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close this bookAction Against Child Labour (ILO; 2000; 356 pages)
View the documentPreface
Open this folder and view contents1. National policies and programmes
Open this folder and view contents2. Towards improved legislation
Open this folder and view contents3. Improving the knowledge base on child labour
Open this folder and view contents4. Alternatives to child labour
Open this folder and view contents5. Strategies to address child slavery
close this folder6. Strategies for employers and their organizations
View the documentINTRODUCTION
close this folder6.1 STRATEGIES FOR EMPLOYER ACTION
View the documentPlanning for action at the national level
View the documentBuilding alliances
View the documentKey issues in project design
View the documentTen steps to enhance employer action on child labour
Open this folder and view contents6.2 EMPLOYER "BEST PRACTICES" ON CHILD LABOUR
Open this folder and view contents6.3 CORPORATE INITIATIVES ON CHILD LABOUR
View the document6.4 KEY LESSONS FOR FUTURE ACTION
View the documentAppendix 6.1 IOE General Council Resolution on Child Labour
Open this folder and view contents7. Trade unions against child labour
Open this folder and view contents8. Awareness-raising
Open this folder and view contents9. Action by community groups and NGOs
Open this folder and view contents10. Resources on child labour
View the documentOther ILO publications
View the documentBack Cover
 

Ten steps to enhance employer action on child labour

Ten steps are suggested to improve the participation of employers and their organizations in the campaign against child labour. They provide a logical framework for action, although many of the activities described can and should be carried out simultaneously.

(1) Institutional development. Designate officials in national employers' organizations and sectoral business organizations to serve as child labour focal points.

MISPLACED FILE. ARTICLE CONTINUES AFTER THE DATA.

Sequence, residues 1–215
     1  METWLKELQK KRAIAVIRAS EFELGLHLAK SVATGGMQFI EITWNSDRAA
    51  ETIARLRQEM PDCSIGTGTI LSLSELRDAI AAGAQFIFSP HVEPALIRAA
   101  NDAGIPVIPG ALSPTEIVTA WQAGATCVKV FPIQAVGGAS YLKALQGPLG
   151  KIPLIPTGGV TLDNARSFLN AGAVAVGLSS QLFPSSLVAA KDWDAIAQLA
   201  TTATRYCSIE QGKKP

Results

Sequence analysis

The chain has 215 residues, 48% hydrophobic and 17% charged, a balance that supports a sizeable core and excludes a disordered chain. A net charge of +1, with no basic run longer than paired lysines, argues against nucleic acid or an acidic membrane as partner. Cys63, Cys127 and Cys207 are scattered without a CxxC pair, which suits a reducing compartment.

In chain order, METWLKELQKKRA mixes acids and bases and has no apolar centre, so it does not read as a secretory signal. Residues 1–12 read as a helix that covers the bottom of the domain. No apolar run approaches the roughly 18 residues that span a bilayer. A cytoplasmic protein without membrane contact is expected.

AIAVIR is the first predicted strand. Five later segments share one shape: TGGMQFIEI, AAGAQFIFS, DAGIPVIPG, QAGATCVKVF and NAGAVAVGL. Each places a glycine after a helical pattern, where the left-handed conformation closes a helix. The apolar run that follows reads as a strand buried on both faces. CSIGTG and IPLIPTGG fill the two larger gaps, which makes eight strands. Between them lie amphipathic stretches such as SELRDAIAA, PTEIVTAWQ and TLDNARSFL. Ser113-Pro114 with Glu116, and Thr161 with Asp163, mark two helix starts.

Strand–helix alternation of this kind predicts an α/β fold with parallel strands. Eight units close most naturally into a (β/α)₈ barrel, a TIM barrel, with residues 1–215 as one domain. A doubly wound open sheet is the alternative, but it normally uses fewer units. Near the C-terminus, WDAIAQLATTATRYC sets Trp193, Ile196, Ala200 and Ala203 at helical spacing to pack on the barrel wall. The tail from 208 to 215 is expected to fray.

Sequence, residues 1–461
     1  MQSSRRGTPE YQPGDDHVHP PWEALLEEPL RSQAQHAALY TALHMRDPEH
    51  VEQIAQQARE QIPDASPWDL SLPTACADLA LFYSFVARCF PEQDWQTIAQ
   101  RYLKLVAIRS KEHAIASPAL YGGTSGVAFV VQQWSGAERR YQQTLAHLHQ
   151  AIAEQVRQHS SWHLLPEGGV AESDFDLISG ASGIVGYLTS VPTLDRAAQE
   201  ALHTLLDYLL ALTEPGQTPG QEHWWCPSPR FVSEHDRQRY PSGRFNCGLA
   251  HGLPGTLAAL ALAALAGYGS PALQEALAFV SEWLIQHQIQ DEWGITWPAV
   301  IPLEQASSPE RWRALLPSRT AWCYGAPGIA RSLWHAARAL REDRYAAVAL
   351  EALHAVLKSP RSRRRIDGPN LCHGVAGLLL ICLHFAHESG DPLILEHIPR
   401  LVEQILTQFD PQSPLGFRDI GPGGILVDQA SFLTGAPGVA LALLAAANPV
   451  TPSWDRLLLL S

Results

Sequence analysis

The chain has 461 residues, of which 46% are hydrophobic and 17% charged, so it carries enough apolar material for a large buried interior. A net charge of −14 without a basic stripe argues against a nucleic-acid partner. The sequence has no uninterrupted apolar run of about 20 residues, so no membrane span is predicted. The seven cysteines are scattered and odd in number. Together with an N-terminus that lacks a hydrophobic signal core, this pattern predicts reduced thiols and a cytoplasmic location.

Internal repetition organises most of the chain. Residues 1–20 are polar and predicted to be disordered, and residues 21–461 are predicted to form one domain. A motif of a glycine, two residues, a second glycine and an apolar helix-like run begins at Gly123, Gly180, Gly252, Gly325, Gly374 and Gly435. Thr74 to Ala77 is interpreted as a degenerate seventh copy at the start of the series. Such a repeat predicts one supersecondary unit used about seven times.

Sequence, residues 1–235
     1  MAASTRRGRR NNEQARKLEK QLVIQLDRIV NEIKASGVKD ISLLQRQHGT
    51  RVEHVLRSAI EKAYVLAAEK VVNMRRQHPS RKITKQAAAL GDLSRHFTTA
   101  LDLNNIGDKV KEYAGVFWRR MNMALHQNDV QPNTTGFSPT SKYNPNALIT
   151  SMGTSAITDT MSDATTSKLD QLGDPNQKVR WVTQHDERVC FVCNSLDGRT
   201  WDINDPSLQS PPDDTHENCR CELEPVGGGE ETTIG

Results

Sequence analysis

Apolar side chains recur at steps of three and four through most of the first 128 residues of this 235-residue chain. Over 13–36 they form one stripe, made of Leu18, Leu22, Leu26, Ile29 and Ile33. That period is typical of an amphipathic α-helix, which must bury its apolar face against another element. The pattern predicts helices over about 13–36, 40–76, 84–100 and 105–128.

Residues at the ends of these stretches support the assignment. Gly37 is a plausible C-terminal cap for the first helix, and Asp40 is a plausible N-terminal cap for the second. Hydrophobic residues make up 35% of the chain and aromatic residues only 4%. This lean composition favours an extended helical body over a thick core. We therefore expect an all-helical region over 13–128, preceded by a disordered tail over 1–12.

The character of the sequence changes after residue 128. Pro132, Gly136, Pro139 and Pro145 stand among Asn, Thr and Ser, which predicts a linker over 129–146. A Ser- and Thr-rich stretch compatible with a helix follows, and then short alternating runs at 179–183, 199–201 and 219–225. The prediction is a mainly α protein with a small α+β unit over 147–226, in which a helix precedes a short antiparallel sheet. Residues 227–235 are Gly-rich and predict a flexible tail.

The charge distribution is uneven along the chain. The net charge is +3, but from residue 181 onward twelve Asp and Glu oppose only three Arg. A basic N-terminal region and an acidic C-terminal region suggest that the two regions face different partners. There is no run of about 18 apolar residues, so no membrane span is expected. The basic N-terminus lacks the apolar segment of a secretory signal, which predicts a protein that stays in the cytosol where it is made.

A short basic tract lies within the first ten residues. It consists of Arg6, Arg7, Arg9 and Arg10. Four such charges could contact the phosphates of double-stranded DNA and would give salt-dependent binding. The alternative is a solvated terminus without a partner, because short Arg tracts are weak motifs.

(2) Investigation: Collect detailed and reliable country-level data about the exact magnitude, nature or effects of child labour in specific sectors or industries.

(3) Awareness-raising. Conduct awareness-raising events aimed at particular sectors and the sensitization of society at large.

(4) Policy development. Develop policy recommendations on child labour to which employers' organizations and their members can subscribe.

(5) Coalition building. Form partnerships to carry out direct action in cooperation with NGOs and, where appropriate, trade unions.

(6) Prioritizing action: Based upon the information collected, select particular industries in which comprehensive programmes on the elimination of child labour can be launched. Action should be guided by a focus on the most exploitative forms.

(7) Direct support to working children: In partnership with coalition members, develop the role of employers' organizations in broad-based efforts to provide alternatives, such as apprenticeships, education, and training.

(8) Monitoring and evaluation: Establish systematic processes to work with focal points in specific industries to measure progress in progressively eliminating child labour.

(9) Compiling information on "best practice": Compile positive initiatives undertaken by local enterprises and business organizations.

(10) Communications policy: Develop a systematic approach to publicizing positive action taken by employers (e.g. newsletters, media campaigns, public merit awards).

Employers and their organizations, can take proactive and innovative steps to respond to the challenge which child labour presents. While concern about the use of child labour on the part of importers in industrialized countries is valid in view of mounting consumer pressure, instant dismissal of children may go against the "best interests" of the child if no alternatives are in place. This has been a key problem with initiatives focusing solely on the export sector, which is only a small part of the worldwide problem. Children should be removed from the workplace in a planned and phased manner to prevent them from simply being thrown unaided into a situation far worse than that which they left. Governments, employers' and workers' organizations, and other concerned stakeholders are beginning to work together towards responsible ways of transferring children from work into education, training and other activities which promote their welfare and development.

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